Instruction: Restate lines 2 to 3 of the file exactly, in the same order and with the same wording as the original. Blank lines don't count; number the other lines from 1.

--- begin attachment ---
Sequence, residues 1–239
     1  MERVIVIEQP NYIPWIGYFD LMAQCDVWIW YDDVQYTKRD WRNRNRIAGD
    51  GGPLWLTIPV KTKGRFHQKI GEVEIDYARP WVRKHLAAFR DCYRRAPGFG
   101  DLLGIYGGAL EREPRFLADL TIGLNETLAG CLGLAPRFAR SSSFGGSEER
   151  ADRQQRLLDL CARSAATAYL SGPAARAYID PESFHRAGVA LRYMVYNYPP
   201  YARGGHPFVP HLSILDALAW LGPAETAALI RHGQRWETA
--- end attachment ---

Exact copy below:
     1  MERVIVIEQP NYIPWIGYFD LMAQCDVWIW YDDVQYTKRD WRNRNRIAGD
    51  GGPLWLTIPV KTKGRFHQKI GEVEIDYARP WVRKHLAAFR DCYRRAPGFG